Dream One (1984)

Rating:

aka Nemo

UK/France. 1984.

Crew

Director – Arnaud Selignac, Screenplay – Arnaud Selignac, Telsche Boorman & Jean-Pierre Esquenazi, Producer – John Boorman & Claude Nedjar, Photography – Philippe Rousselot, Music – Gabriel Yared, Special Effects/Production Design – Les Productions de l’Ordinaire (Gilles Lacombe & Nikos Meletopolous). Production Company – NEF Diffusion/Christel/Films A2/Channel 4

Cast

Jason Connery (Nemo), Seth Kibel (Young Nemo), Mathilda May (Princess Alice), Charley Boorman (Cunegond/Elevator Operator), Harvey Keitel (The Legend), Dominique Pinon (Monkey), Nipsey Russell (Mr Rip/Benjamin), Michel Blanc (Count Boris Danilov/Nemo’s Father), Katrina Boorman (Countess Duchka Alexandrovna/Nemo’s Mother), Carole Bouquet (Rals-Akrai)


Plot

Young Nemo’s parents go to the opera, leaving him at home with the butler Benjamin. Benjamin promises to tell Nemo a story that involves Zorro, Alice in Wonderland and the Nautilus. Nemo wanders into the elevator, which takes him through space and deposits him on a strange beach. The beach is inhabited by an obnoxious schoolboy, a monkey man, the mysterious magician Mr Rip, various Russian aristocrats, the masked swordsman Legend and the beautiful Princess Alice of Yonderland. When Nemo becomes jealous of Legend’s attentions towards the princess, he asks Mr Rip to transform him into an adult so that he can win her love.


Dream One is a peculiar film. It was produced by John Boorman, the renowned director of the likes of Deliverance (1972), Zardoz (1974) and Excalibur (1981), among others. Boorman makes Dream One into a virtual family affair, getting his daughters Katrina and Telsche and son Charley into the act in various capacities, and allowing his former assistant Arnaud Selignac to take the directorial wheel.

Exactly what type of fantasy the Boorman clan was trying to make is a puzzle. There is a sense of tall tale fabulism to Dream One a la Baron Munchausen. There are allegorical character map-overs – characters playing double-roles, one in reality and one in fantasy, a la The Wizard of Oz (1939). The film feels like it has been conceived along the lines of a fantasy like The Pagemaster (1994), wherein the young hero has adventures in a secondary world that contains various characters out of literary fiction come to life, although this is never made particularly clear. Certainly, some of the characters, such as the sinister Zorro counterpart, vary considerably from their fictional counterparts, while it is never clear who others – the Russian aristocrats, the monkey man and the magician – are meant to be standing in for. There is a certain punning amusement to the concept – one that at the end allows the character who appears to be named after the hero of the Little Nemo in Slumberland comic-strip to figuratively become Captain Nemo of Jules Verne and depart in The Nautilus. However, the results are underwhelming. The action is limited to almost entirely a single beach stage set and the film spends the entire time running from Point A to Point B, Point C and back again while never going anywhere. There is little that takes off as a flight of fantasy.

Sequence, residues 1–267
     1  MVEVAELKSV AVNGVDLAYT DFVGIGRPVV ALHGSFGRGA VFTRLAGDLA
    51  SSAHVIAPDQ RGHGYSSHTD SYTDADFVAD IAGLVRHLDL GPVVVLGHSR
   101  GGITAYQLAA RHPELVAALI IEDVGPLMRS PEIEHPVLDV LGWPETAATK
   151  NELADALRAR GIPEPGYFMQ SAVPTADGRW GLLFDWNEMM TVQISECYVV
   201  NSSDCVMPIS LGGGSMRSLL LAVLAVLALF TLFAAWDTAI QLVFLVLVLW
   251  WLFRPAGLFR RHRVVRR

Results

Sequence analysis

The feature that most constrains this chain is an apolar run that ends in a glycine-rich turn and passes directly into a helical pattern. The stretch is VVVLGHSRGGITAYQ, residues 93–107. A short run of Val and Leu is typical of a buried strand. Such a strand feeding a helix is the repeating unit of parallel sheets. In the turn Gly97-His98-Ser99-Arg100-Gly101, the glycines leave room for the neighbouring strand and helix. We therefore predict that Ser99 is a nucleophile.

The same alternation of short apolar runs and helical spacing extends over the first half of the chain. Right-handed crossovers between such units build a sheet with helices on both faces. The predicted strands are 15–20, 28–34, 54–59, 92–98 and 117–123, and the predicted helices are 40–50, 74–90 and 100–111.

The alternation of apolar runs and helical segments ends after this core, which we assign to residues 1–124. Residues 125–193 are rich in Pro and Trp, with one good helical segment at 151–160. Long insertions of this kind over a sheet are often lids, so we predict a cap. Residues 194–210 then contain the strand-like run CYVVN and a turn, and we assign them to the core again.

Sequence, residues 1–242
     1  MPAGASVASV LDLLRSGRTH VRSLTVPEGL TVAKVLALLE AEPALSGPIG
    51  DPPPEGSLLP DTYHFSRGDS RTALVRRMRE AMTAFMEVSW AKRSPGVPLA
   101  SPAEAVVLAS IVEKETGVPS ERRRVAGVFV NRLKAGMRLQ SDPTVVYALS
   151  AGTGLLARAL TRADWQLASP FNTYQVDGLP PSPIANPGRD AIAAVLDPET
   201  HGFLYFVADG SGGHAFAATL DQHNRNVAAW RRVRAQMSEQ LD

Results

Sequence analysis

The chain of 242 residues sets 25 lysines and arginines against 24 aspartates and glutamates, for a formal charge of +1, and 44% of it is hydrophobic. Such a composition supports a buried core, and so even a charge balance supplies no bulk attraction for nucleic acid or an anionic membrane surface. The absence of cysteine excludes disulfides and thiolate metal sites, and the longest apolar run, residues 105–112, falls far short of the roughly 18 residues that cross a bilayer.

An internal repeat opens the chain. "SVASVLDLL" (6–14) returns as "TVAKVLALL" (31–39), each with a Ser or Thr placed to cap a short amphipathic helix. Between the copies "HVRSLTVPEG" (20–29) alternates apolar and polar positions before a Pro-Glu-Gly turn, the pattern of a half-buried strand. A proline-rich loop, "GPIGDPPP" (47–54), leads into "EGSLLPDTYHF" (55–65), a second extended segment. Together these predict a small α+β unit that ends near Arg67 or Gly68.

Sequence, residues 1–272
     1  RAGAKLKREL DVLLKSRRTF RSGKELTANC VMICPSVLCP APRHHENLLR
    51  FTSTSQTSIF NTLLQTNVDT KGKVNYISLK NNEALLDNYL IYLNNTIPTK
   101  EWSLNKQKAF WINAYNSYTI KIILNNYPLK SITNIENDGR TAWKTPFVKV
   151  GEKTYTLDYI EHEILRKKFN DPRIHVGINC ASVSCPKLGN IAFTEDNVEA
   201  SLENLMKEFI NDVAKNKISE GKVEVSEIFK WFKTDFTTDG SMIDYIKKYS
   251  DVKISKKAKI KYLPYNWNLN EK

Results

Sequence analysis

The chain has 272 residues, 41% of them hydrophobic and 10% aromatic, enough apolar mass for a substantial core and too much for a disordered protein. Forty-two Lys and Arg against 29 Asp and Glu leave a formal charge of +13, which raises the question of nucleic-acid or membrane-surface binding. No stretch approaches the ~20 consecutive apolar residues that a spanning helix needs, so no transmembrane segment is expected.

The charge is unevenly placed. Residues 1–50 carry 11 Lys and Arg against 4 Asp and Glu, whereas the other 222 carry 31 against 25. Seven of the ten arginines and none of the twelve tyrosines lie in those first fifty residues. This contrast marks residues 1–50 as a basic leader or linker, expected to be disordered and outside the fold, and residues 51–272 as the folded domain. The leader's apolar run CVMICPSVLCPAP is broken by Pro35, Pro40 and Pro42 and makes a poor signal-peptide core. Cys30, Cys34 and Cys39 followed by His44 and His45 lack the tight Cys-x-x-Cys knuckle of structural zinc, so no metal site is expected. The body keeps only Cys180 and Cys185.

Certainly, Arnaud Selignac and the Boormans corral an amazing cast, including Sean Connery’s son Jason known for tv’s Robin of Sherwood (1983-6); Jean-Pierre Jeunet/Marc Caro regular Dominique Pinon as the monkey-man; French actress Carole Bouquet from That Obscure Object of Desire (1977) and For Your Eyes Only (1981); the lovely porcelain-skinned French actress Mathilda May from Lifeforce (1985) as the princess, and no less than Harvey Keitel as the Zorro figure. There is an attractive classical musical score and some often striking costume designs. On the other hand, the effects are rickety – sometimes downright poor as in the case of the landing of the spaceship – and the sets flat. Much of the acting is poor, with Jason Connery in particular delivering his performance in an awful series of gaping ‘gee gosh’ expressions.


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